I’m not a big fan of the tech blog Gizmodo. While I am a self-professed geek-girl who loves technology, I often find their tone to be a little too snarky, a little too condescending, and the comments to be some of the worst the troll world can offer. And after the nasty Magic the Gathering article last year, it was all the incentive I needed to move on to other tech sites.
That is, until my husband sent me a link. “Pinterest is Tumblr for Ladiez”! And I officially hit the ceiling.
Pinterest, for those who don’t use the internet’s newest social media crack, is “a virtual pinboard” that “allows you to organize all the beautiful things you find on the web.” Among the suggested uses on Pinterest’s home page are planning weddings, decorating homes, keeping recipes and finding your own style.
Notice “planning a wedding” was on that list, and I think you can see where this foolishness is going.
The author and his “bros” (his word, not mine) took to the campfire to try to unravel the deep and abiding mystery that is Pinterest, and then, they pose the question to Twitter. And here’s where things really started to bother me. Most of the responses were from women, and they weren’t encouraging.
“Pinterest is Tumblr for ladiez with OCD who want to get married.”
“Pinterest reaffirms men’s fear that all women think about are weddings and babies.”
“Engaged or not, it’s safe to say that 90% of women on Pinterest have a wedding board. Fact.”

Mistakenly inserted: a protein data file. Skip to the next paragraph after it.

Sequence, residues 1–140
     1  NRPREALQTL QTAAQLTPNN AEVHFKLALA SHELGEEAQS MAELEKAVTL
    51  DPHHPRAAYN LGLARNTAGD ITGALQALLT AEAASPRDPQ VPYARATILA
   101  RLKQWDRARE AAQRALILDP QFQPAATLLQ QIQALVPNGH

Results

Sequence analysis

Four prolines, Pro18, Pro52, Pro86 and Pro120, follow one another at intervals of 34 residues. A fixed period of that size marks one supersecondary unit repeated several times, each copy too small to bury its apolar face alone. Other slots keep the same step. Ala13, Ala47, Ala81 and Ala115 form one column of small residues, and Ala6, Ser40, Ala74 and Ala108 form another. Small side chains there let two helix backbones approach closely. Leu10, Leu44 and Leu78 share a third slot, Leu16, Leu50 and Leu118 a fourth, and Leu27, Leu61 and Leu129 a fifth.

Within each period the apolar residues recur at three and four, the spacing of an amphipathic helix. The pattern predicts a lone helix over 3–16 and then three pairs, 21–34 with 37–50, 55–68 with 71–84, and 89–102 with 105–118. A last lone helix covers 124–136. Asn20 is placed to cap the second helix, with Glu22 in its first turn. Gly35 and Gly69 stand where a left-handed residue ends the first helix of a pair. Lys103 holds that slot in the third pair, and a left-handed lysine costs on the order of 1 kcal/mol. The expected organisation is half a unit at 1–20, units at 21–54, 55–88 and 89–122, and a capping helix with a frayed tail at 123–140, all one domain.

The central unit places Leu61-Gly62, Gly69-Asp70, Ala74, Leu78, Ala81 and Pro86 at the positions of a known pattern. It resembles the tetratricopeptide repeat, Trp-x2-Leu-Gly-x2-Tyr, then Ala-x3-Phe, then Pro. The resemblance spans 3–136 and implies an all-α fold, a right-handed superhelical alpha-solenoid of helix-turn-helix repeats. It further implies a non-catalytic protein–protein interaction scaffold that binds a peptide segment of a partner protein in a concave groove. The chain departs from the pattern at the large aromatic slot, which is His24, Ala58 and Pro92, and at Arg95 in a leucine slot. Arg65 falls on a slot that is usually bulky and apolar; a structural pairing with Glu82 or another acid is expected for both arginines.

Or, my personal favorite:
“If by ladiez you mean blogger moms, then yeah, Pinterest is for them.”
Why is it that people automatically denigrate a site that, while not specifically targeted to women, has an 80 percent female user base? Why treat it like a mythical Otherland that men intrinsically can’t understand? And, most importantly, why did these women go along with it?
Pinterest is, very simply, a place for pretty things, and last I checked, beauty wasn’t gender-specific. The tendency to try to categorize Pinterest and other women-centric sites and tools as simply for plotting future weddings and babies or for blogger moms who the internet seems to think have nothing else to do is reductive and just perpetuates the hackneyed view that nothing can appeal to women if it doesn’t eventually lead to hearth and home.
Personally, I’m a stay at home mom. I’m one of the “blogger moms” Pinterest is supposed to target, and I do, sometimes, use it to pin things pertinent to my child. Mostly, though, I use it to help build my small business, which is teaching private cooking classes. I pin photos for catering gigs and recipes to teach. I pin ideas for home renovations and destinations I’d like to see on vacation sometime. Friends who are amateur photographers use it to organize tips, tricks and inspirations for their craft. Friends with a more spiritual focus use it for scripture or quotes. It has inspired me to try new things, from laying ceramic tile to making a souffle to getting off my butt and doing Pilates for the first time. And, to me, Pinterest is one of the few places online where positivity still reigns. It’s about growing and doing, being creative and appreciating beauty. There’s a lot to be said for that.
There’s nothing wrong with planning a wedding, wanting a family, or using Pinterest to express your interests and organize your thoughts. But, as many people have said before, and I’m sure many people will say again, being a woman doesn’t mean you automatically want any of those things, and even if you do, it’s certainly not all you think about. And frankly, I think we’re smart enough to respect that.